The Active Directory database garbage collection process and calculation of allowed intervals
This article describes the Active Directory database garbage collection process and calculation of allowed intervals.
Original product version: Windows Server 2012 R2, Windows Server 2016, Windows Server 2019
Original KB number: 198793
The Active Directory database incorporates a garbage collection process that runs independently on each domain controller in the enterprise.
Garbage collection is a housekeeping process that is designed to free space within the Active Directory database. This process runs on every domain controller in the enterprise with a default lifetime interval of 12 hours. You can change this interval by modifying the garbageCollPeriod attribute in the enterprise-wide DS configuration object (NTDS).
The path of the object in the
Contoso.com domain would resemble the following:
CN=Directory Service,CN=Windows NT,CN=Services,CN=Configuration,DC=CONTOSO,DC=COM
Use an Active Directory editing tool to set the garbageCollPeriod attribute. Supported tools include Adsiedit.msc, Ldp.exe, and Active Directory Service Interfaces (ADSI) scripts.
When an object is deleted, it is not removed from the Active Directory database. Instead, the object is instead marked for deletion at a later date. This mark is then replicated to other domain controllers. Therefore, the garbage collection process starts by removing the remains of previously deleted objects from the database. These objects are known as tombstones. Next, the garbage collection process deletes unnecessary log files. Finally, the process starts a defragmentation thread to claim additional free space.
In addition, there are two methods to defragment the Active Directory database. One method is an online defragmentation operation that runs as part of the garbage collection process. The advantage of this method is that the server does not have to be taken offline for the operation to run. However, this method does not reduce the size of the Active Directory database file (Ntds.dit). The other method takes the server offline and defragments the database by using the Ntdsutil.exe utility. This approach requires that the database to start in repair mode. The advantage of this method is that the database is resized and unused space is removed. Therefore, and the size of the Ntds.dit file is reduced. To use this method, the domain controller must be taken offline.
Limits for garbageCollPeriod:
The minimum value is 1, and the maximum is 168 for one week. The default for the value is 12 hours.
Minimum for Tombstone Lifetime:
The minimum for Tombstone Lifetime is 2 days for the purposes of the KCC stay of execution calculation.
The AD database layer enforces an additional metric. TSL days must not be smaller than three times the garbage collector interval. Based on the Default of 12 hours, TSL is a minimum of 2 days. If GC interval is 20 hours, the TSL minimum is 3 days (must be bigger than 60 hours). If the GC interval is 25 hours, you get beyond three days (with 75 hours) and the TSL minimum is 4 days.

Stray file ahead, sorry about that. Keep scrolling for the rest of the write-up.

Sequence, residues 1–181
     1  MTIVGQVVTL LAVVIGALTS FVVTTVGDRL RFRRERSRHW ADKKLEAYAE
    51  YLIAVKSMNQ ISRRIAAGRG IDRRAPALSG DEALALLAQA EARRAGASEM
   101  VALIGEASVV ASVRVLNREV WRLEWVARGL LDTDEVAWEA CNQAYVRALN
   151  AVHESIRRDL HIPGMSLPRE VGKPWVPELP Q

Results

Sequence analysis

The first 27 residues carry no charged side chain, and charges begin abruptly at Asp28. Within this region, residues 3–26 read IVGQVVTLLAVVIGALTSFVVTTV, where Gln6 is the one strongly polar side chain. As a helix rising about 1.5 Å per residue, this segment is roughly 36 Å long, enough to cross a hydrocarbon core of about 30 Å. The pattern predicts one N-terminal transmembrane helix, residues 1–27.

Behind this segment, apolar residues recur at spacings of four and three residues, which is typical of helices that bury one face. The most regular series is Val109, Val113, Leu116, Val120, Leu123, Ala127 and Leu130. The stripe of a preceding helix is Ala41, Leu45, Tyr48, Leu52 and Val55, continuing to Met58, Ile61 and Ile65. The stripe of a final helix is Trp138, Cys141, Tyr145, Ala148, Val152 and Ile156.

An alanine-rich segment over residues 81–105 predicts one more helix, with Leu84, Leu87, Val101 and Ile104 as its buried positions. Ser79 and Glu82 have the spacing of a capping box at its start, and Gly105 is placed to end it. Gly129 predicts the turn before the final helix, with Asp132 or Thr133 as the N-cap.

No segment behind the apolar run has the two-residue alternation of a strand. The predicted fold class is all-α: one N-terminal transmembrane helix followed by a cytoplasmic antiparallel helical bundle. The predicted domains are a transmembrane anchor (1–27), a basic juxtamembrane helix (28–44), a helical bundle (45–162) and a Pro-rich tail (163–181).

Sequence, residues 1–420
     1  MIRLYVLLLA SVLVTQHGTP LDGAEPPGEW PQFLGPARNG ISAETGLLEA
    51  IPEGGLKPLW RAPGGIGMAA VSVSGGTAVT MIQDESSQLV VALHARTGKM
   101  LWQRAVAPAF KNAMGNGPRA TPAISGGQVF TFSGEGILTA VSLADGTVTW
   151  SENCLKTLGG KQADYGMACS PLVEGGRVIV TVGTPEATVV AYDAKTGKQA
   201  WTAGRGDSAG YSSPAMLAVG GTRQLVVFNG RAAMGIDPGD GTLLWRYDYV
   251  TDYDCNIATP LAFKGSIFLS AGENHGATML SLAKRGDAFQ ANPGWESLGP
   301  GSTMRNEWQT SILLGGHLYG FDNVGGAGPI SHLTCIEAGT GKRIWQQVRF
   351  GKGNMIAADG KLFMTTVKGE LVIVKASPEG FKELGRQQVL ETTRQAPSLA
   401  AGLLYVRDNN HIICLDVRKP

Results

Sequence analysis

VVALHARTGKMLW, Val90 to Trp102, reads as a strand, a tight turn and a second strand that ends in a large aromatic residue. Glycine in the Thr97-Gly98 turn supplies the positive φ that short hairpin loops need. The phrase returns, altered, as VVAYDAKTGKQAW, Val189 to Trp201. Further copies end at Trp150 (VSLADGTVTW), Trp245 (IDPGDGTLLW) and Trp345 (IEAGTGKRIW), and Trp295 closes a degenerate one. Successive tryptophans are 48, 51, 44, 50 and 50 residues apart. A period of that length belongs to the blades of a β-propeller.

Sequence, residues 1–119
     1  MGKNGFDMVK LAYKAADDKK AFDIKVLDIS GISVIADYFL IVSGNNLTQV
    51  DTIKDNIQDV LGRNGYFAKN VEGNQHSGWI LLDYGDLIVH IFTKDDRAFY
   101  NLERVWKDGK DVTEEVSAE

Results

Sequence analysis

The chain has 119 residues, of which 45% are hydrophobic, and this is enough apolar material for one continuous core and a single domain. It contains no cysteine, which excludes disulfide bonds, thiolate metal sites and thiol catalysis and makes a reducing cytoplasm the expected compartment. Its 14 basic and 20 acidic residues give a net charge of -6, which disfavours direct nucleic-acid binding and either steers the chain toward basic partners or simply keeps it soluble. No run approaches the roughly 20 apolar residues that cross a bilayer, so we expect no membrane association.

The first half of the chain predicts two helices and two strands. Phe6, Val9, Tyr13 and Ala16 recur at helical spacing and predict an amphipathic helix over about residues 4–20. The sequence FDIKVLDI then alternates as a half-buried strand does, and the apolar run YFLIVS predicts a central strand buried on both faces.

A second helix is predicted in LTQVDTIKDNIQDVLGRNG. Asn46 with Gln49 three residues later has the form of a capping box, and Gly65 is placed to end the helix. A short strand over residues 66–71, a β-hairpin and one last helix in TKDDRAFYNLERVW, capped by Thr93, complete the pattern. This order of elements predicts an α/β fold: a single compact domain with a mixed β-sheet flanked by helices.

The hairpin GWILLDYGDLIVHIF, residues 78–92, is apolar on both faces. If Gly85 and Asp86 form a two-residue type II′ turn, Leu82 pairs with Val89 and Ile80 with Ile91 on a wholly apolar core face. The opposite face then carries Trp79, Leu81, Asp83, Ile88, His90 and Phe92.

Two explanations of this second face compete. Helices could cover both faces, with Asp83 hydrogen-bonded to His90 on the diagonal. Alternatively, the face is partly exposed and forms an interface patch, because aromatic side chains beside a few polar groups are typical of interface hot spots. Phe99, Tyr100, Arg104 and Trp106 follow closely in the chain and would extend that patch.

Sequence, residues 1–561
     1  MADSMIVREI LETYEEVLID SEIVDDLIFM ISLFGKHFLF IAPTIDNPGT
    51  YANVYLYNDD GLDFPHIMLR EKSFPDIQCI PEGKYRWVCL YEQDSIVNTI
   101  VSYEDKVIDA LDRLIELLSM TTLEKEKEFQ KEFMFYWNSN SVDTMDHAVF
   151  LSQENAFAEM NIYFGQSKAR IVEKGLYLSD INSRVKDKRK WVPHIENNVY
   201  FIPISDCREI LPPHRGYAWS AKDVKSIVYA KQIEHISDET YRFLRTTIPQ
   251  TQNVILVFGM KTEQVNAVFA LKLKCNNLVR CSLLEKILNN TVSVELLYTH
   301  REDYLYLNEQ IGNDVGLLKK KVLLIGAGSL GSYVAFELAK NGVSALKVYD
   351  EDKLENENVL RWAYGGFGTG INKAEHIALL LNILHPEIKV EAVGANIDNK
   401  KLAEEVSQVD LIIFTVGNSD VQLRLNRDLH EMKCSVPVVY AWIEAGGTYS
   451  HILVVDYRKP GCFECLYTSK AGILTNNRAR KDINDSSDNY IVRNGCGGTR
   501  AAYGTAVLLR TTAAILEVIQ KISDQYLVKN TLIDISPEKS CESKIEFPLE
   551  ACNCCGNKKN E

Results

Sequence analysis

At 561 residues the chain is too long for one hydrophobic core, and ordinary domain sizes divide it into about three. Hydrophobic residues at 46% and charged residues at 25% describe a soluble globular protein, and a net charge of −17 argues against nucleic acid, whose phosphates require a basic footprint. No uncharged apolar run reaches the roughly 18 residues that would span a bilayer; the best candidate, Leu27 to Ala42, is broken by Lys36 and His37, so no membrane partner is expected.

The catch with the checks both DB layer and KCC perform is that if TSL is lower than the allowed minimum, it does not revert to the minimum value of 2 or more days, but to the default of 60 or 180 days.
In case TSL is corrected to the default because of a mismatch, the value for the garbage collection interval is also set to the default of 12 hours.
Tombstone lifetime defaults
The default tombstone lifetime (TSL) in Windows Server 2003 was 60 days and was proven to be too short. For example, a prestaged domain controller may be in transit for longer than 60 days. An administrator may not resolve a replication failure or bring an offline domain controller into operation until the TSL is exceeded. Windows Server 2003 Service Pack 1 (SP1) increased the TSL from 60 to 180 days in the following scenarios:
- A Windows NT 4.0 domain controller is upgraded to Windows Server 2003 by using Windows Server 2003 SP1 installation media to create a new forest.
- A Windows Server 2003 SP1 computer creates a new forest.
Windows Server 2003 SP1 does not modify the value of TSL when either of the following conditions is true:
- A Windows 2000 domain is upgraded to Windows Server 2003 by using installation media for Windows Server 2003 with SP1.
- Windows Server 2003 SP1 is installed on a domain controller that is running the original release version of Windows Server 2003.
Increasing the TSL for a domain to 180 days has the following benefits:
- Backups that are used in data recovery scenarios have a longer useful life.
- System state backups that are used for installation from media promotions have a longer useful life.
- Domain controllers can be offline longer. Prestaged computers approach TSL expiration less frequently.
- A domain controller can successfully return to the domain after a longer time offline.
- Knowledge of deleted objects is retained longer on the originating domain controller.
The default setting in your forest will depend on the OS at the 'birth' of the forest and the upgrade methods from there as above.
If you are unsure about the value of TSL used in your forest, we recommend to explicitly set it, and also msDS-deletedObjectLifetime as needed.
Reference: The AD Recycle Bin: Understanding, Implementing, Best Practices, and Troubleshooting